Fertile Crescent Multi-grain Bread

When times were tough in the ancient world, those dependent on their primitive farms might have come up short on their preferred grains for bread and would have been forced to add other flours to the mix.  For the vast swath of commoners across ancient Mesopotamia, from modern Iran, Iraq, Syria, Turkey, and Mediterranean coast, this hearty multi-grain bread was actually healthier, though nobody knew it at the time.

This bread is made from grains that could be found all over the middle east in 5000 BC. The cultivated wheat and barley, with lentils and chickpeas from the garden, and spelt and rye foraged in the wilderness around the village.


Like NATUFIAN BARLEY BREAD and MODERN ASH BREAD this is another experiment that allows us to really appreciate the miracle of leavened bread. We’re gonna make this two ways, a leavened sourdough loaf with the knowledge of modern cooking technique, and a cracker like version that’s probably more accurate for what an average peasant had to make do with from time to time.



For Sponge:
1/4 cup sourdough starter or 1/2 teaspoon dry yeast
1/2 cup lukewarm water
3/4 cup whole wheat flour

For Dough:
1 cup beer(room temp)
1/2 cup  lukewarm water
1 cup whole wheat flour
1/2 cup chickpea flour
1/2 cup lentil flour*
1/2 cup spelt flour*
1/2 cup rye flour
1/2 cup barley flour
1 tbsp. coarse salt

*Make these homemade for extra antiquity points

The day before, make the sponge and soak the chickpeas in water.  Mix the sponge together and beat with a whisk or spoon for about a minute or two until the gluten starts to make things a bit stretchy.  Cover and set aside for at least 8 hours, and up to 24.


The next day, to make chickpea flour, drain the chickpeas and roast them in the oven at 170F for 2-3 hours, until dry, a little softer, but still raw.  Let cool, then grind for a long time in mortar in pestle or in a food processor to make a coarse flour.

To make lentil flour, toss lentils in a hot pan for a few minutes until they are browned and toasty.  let cool, then grind into a coarse flour same as the chickpeas.  This one, you will want to put through a strainer. (you can grind the leftover coarse bits that don’t go through).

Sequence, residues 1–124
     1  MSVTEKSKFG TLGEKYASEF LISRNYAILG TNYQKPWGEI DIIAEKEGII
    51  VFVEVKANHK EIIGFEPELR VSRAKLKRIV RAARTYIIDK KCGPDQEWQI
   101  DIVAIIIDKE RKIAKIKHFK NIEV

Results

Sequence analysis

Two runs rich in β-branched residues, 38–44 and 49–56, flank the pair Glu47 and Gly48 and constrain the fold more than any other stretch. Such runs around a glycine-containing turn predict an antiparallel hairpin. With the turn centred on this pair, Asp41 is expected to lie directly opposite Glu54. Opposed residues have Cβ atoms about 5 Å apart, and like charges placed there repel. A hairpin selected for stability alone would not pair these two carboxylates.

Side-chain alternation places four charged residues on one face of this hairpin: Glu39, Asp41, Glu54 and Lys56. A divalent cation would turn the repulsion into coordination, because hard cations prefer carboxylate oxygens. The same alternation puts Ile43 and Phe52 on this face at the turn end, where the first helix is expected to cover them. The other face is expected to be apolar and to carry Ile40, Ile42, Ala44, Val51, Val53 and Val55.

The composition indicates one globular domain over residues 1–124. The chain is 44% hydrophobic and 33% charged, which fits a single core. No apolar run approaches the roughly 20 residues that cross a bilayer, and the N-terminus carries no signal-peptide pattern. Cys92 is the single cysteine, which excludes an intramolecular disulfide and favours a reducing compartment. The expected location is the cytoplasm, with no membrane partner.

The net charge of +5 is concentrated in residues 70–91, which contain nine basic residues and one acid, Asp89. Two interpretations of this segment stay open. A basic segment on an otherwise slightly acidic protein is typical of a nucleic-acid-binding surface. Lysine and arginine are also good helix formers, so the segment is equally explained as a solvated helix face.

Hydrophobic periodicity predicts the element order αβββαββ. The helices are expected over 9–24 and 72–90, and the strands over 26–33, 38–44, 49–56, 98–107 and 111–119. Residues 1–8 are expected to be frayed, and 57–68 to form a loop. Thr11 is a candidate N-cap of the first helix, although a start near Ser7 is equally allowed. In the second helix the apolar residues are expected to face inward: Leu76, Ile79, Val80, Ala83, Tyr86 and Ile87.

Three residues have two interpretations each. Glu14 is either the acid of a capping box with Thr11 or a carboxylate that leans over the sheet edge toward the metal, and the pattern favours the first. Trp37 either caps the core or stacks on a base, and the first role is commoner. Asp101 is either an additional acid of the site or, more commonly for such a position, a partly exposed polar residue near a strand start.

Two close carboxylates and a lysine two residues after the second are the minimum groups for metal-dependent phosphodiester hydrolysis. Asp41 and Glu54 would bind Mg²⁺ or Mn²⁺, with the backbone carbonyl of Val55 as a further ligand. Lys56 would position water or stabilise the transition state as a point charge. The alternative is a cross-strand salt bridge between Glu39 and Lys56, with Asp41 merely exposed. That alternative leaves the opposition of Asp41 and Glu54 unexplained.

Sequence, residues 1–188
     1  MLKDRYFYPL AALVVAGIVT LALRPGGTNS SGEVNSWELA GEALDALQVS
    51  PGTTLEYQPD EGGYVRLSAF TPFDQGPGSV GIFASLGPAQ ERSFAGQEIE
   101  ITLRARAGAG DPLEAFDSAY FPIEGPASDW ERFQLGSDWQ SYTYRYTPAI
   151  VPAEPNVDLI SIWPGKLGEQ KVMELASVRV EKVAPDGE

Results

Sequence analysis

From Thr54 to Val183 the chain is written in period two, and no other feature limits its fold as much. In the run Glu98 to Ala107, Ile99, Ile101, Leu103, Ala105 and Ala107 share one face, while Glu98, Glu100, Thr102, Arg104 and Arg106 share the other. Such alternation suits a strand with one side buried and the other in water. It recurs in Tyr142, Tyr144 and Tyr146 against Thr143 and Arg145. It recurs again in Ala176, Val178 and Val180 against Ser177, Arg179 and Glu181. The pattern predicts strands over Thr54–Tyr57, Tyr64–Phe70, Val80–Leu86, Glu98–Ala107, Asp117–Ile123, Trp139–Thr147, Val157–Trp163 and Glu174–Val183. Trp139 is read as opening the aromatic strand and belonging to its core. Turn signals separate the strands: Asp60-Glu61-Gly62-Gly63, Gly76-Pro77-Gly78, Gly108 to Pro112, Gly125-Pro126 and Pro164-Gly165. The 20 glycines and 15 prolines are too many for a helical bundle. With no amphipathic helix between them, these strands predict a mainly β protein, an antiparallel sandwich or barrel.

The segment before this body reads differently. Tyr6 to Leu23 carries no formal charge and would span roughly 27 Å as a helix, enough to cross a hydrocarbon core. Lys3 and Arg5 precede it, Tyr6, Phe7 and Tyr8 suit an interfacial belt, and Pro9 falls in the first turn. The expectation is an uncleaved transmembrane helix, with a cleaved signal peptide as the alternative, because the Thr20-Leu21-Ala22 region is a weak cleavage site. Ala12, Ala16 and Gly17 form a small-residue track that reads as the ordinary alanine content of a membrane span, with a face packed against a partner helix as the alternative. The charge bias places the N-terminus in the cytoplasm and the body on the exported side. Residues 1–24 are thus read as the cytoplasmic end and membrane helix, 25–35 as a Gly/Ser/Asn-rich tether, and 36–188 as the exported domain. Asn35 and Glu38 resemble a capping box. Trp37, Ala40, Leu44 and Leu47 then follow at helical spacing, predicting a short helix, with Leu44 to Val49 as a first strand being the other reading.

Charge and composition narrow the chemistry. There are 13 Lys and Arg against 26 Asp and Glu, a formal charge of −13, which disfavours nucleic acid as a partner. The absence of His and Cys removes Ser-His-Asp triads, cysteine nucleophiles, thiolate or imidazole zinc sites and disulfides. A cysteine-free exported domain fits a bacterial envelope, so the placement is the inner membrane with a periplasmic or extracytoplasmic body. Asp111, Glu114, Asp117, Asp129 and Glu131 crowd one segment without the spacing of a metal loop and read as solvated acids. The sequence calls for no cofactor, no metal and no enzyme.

Other flours, ASSEMBLE!

Add the beer and water and salt to the now bubbly and yeasty smelling sponge, then mix in the flours. Stir the dough until fully mixed. Let relax for 15 minutes, then come back to stir again, lightly kneading it with the spoon.  Set aside for 12-18 hours, or put in the fridge for up to 4 days.  This is to develop flavor. Don’t expect this bread to rise all that much.

Preheat the oven to 400F for at least a half an hour before baking, with the baking stone or sheet inside. When ready to bake, take it out, sprinkle with whole wheat flour, drop the dough onto it, score it, and put it in the oven. Time can range from 30-50 minutes. You’ll have to watch it.(But don’t open the oven for at least 25 minutes).  Go ahead and use that clay instant thermometer you have and make sure the middle is above 195F.


Let cool before slicing.


2) AUTHENTIC PEASANT CRACKERS (Warning!! Not recommended!):

I know. The picture makes them look a little sexy. Wait till you see the mustard that goes with them.

But these crackers are… tough to eat, to put it nicely. And also literally.  I hope you have some strong teeth.  It makes you appreciate what an advance leavened bread and hot ovens were.  But if a harvest failed or roving nomads raided and destroyed your stockpiles, a Neolithic peasant would have to make do with what they had.  With any luck, some of them were chefs who had learned to ferment their dough.  Many though, in the long millenniums we were still figuring out farming and baking, were not.

Use the same recipe above but substitute water for the beer, and simply mix it with your flour, 3 to 1 ratio as before. Knead for about 5 minutes until smooth, and cover and set aside for 30 miuntes to let the gluten relax.

Sprinkle a little flour on your counter and roll out the dough until very thin, like a piece of cardboard, which coincidentally, is also sort of what we’re making here. Then cut the into cracker shapes.

Preheat a cast iron pan or griddle over medium heat for 8 minutes. Lay the crackers in the pan bare to toast, shaking occasionally, and flipping after 7 minutes.  Cook for an additional 7 on the other side and remove to a plate.


Top them with Ancient date-honey mustard (recipe coming next Monday!) Eat one to say you did it, then use as a soup cracker or turn it into breadcrumbs to spare your poor teeth any more Neolithic treatment.




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